Instead of benchmarking IBoIP as I did in my previous post it’s much more interesting to test pure InfiniBand. There is a so-called OSU Micro-Benchmarks suite from Ohio State. It has several tests: unidirectional bandwidth (bw), bidirectional bandwidth (bibw), unidirectional one-sided get (get_bw), unidirectional one-sided put (put_bw), bidirectional one-sided put (put_bibw) and same latency tests. Here is what I got on my Mellanox ConnectX cards:

ROCKS post install configuration

February 20, 2011

If you use ROCKS to deploy cluster you still need to do some manual configuration. What I personally did was:

1. Disable hyperthreading in BIOS. HT is not helpful for compute intensive tasks. It’s better suited for I/O intensive applications.

2. Add compute nodes to /opt/torque/server_priv/nodes in the following format:

compute-1-2 np=8

Where compute-1-2 is node’s domain name and np is the number of processors (cores).

3. Add master.local to /etc/hosts.equiv (for Torque).

4. Install InfiniBand stack. Most of IB RPMs are already installed but I also added:

libibumad, opensm-libs, opensm, ibutils, infiniband-diags, ibutils-libs, libibmad, libmlx4, swig

I just downloaded them by

# yumdownloader package-name

then put them into /share/apps and installed by

# rocks run host compute “rpm -Uvh /share/apps/*.rpm”

Then you will need to set openibd service to run upon startup on all compute nodes and opensmd service on any ONE of compute nodes.

5. Then you need to set up queues. There is a ‘default’ queue which is decent for simple setup. But I have nodes of two types and it’s handy to have separate queues. ‘qmgr’ is a binary which controls Torque queues. I made simple qmgr.in text file which contained:

create queue srail queue_type=execution
set queue srail started=true
set queue srail enabled=true
set queue srail resources_default.neednodes=srail

create queue mrail queue_type=execution
set queue mrail started=true
set queue mrail enabled=true
set queue mrail resources_default.neednodes=mrail

Then I fed this file to qmgr:

# qmgr < qmgr.in

To check qmgr configuration call:

# qmgr -c ‘p s’

At last change node records in /opt/torque/server_priv/nodes from

compute-1-2 np=8

to

compute-1-2 np=8 mrail

6. ROCKS don’t support LVM. It installs everything on first hard drive it finds. If you have two hard drives just mount second drive to /state/partition1/home and add home partition to /etc/exportfs.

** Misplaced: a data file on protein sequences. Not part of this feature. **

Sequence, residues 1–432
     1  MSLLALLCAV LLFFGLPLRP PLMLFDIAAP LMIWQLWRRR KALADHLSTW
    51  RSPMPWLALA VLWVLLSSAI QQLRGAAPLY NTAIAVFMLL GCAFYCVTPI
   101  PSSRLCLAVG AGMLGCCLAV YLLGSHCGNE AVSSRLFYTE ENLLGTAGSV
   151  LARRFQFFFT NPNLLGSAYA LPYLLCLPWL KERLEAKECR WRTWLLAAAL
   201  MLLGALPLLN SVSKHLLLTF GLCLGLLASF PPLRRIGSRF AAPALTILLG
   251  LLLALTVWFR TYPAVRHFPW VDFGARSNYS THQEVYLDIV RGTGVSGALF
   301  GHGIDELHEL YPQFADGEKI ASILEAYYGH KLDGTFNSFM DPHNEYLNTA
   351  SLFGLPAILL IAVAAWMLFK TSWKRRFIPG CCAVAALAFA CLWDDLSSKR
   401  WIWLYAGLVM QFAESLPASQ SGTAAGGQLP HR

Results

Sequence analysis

Benchmarking InfiniBand

February 2, 2011

As I’ve already mentioned in my previous post called “Activating InfiniBand stack in Linux” there is a perftest package which has simple tests for benchmarking IB bandwidth and latency. Here go my results for default ib_write_bw and ib_write_lat tests. Write, read and send tests results don’t differ much, that’s why I’m posting only write results.

------------------------------------------------------------------
                    RDMA_Write BW Test
Number of qp's running 1
Connection type : RC
Each Qp will post up to 100 messages each time
Inline data is used up to 0 bytes message
  local address:  LID 0x04, QPN 0x18004a, PSN 0xcf8a2e
RKey 0x2c042529 VAddr 0x002af439bf2000
  remote address: LID 0x01, QPN 0x12004a, PSN 0xb446fe,
RKey 0x440428db VAddr 0x002b46ea9b5000
Mtu : 2048
------------------------------------------------------------------
 #bytes #iterations    BW peak[MB/sec]    BW average[MB/sec]
  65536        5000            1350.34               1350.27
------------------------------------------------------------------

------------------------------------------------------------------
                    RDMA_Write Latency Test
Inline data is used up to 400 bytes message
Connection type : RC
   local address: LID 0x04 QPN 0x16004a PSN 0x5d05e8
RKey 0x2a042529 VAddr 0x00000017f88002
  remote address: LID 0x01 QPN 0x10004a PSN 0xb8cade
RKey 0x420428db VAddr 0x00000000ae2002
Mtu : 2048
------------------------------------------------------------------
 #bytes #iterations    t_min[usec]    t_max[usec]  t_typical[usec]